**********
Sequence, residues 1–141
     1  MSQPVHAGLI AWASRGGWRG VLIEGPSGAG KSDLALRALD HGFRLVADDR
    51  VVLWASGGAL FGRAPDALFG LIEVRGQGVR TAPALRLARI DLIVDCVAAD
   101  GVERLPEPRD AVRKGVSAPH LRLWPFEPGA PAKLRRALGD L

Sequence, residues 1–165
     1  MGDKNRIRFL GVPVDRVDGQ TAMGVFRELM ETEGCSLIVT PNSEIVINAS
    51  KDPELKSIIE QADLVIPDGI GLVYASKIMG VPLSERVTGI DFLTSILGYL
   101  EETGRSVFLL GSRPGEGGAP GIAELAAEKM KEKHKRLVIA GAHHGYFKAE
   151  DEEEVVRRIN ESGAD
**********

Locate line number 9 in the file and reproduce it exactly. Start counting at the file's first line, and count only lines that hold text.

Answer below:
   151  DEEEVVRRIN ESGAD